Raising China’s PIgs

Raising China’s PIgs

Pigs at Mr. Liu's farm

“You stand to lose if you’re in the business,” says Mr. Liu, owner of Fu Hang farm, a medium-sized pig farm located in the Northeast part of Zhejiang Province.

The farm has twenty sheds with a total of 158 rooms, each of which holds eight to nine pigs, making a total of around 1,300 pigs. “It used to be common practice to discharge waste into waterways. But now, nobody dares to do so! The local environmental protection authorities are fairly strict. You will get huge fines!” says Mr Liu, throwing his hands in the air. Instead of disposing of the waste, the family collects the pig manure to use as fertilizer on the fields, and the urine for biogas to cook.

Mr. Liu, who started with two sheds two decades ago, managed to keep and expand his business despite drastic changes in the industry and Chinese economy. “I love pigs. Raising pig is my family tradition,” Mr Liu replies with a smile, when asked his motives for maintaining his business in these tough economic times.

In 2007, the government initiated a policy of subsidizing 100 yuan (approximately $14.6) per sow in an effort to boost supply and drive down the price of pork. The policy attracted a great number of farmers into the business. “I made a great fortune in 2007. But now…” Mr. Liu shakes his head, “there’s too much competition. When it’s really bad, I lose on average 100 yuan per sow.” Besides the intense competition, decreasing demand in the local markets and rampant disease also contribute to these losses.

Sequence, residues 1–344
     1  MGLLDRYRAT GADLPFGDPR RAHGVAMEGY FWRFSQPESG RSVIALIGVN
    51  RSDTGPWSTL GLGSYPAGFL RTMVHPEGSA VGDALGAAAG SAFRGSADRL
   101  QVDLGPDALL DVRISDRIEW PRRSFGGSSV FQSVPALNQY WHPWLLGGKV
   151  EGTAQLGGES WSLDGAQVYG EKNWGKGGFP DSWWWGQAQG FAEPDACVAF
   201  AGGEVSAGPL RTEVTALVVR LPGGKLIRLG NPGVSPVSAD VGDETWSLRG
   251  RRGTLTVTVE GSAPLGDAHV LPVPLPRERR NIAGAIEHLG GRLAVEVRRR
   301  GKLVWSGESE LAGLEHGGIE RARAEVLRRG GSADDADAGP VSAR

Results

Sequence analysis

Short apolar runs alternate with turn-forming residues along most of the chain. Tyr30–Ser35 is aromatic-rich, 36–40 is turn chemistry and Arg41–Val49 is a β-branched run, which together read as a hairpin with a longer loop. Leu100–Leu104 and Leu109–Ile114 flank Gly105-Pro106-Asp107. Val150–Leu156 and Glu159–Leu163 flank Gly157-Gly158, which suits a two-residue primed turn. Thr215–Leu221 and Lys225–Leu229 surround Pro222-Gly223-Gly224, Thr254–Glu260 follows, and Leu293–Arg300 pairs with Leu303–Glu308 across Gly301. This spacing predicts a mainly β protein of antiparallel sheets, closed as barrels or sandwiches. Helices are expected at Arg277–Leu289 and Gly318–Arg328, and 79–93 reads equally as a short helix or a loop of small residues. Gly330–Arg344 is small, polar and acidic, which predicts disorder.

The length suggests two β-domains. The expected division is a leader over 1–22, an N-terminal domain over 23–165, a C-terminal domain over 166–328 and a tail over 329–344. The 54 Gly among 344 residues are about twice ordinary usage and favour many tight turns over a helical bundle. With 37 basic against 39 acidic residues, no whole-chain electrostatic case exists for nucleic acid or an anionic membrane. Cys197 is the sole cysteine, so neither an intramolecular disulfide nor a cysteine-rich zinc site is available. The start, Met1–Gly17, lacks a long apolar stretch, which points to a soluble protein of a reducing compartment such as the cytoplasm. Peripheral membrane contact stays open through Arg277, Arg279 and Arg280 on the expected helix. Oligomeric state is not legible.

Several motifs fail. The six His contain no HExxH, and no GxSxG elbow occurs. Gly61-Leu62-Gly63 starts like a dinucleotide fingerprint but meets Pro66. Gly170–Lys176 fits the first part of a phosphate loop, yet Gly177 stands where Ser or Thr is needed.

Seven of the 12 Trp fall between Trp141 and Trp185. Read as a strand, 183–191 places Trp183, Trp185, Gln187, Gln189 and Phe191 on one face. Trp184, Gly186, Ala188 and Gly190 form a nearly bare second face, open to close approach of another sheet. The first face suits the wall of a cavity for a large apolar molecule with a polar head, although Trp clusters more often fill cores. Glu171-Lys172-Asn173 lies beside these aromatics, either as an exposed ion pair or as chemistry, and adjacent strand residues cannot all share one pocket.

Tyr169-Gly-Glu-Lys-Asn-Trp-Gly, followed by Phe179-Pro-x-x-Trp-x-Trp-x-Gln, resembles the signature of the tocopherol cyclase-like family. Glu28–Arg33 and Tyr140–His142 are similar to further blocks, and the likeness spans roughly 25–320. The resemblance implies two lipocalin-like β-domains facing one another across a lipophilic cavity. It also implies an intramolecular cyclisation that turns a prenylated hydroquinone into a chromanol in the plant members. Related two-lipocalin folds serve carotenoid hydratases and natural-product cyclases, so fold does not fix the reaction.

According to the China National Bureau of Statistics, pork consumption, both in urban and rural areas, has been on the rise since the 1980s, reaching its peak in 2005 and hovering around that point ever since. The gap between urban and rural consumption is narrowing which, by official interpretation, means plenty of room for growth in rural consumption. The proportion of pork in overall meat consumption, however, is decreasing due to the development of poultry-based fast food industries, among other factors. Nevertheless, pork consumption is predicted to pick up because of its low price and traditional role as the most popular meat in China.

While pork was 28 yuan (approximately $4) per kilogram in 2008, current prices hover around 20 yuan (approximately $3) per kilogram. However, Mr. Liu does not believe that the price reflects the real cost of safe and good-quality pork. “Foot and mouth disease, which we call No.5 disease in China, is a big problem that has not been taken seriously by the government. The government speaks high-sounding words, but the Japanese government killed and buried sick pigs. In China, they (pigs with diseases) all end up in the market. If the Chinese government was to take these diseases seriously,” Mr Liu pronounced, “the price of pork would add up to around 40 yuan ($5.86) per kilogram.”

Photo courtesy of Stella Zhou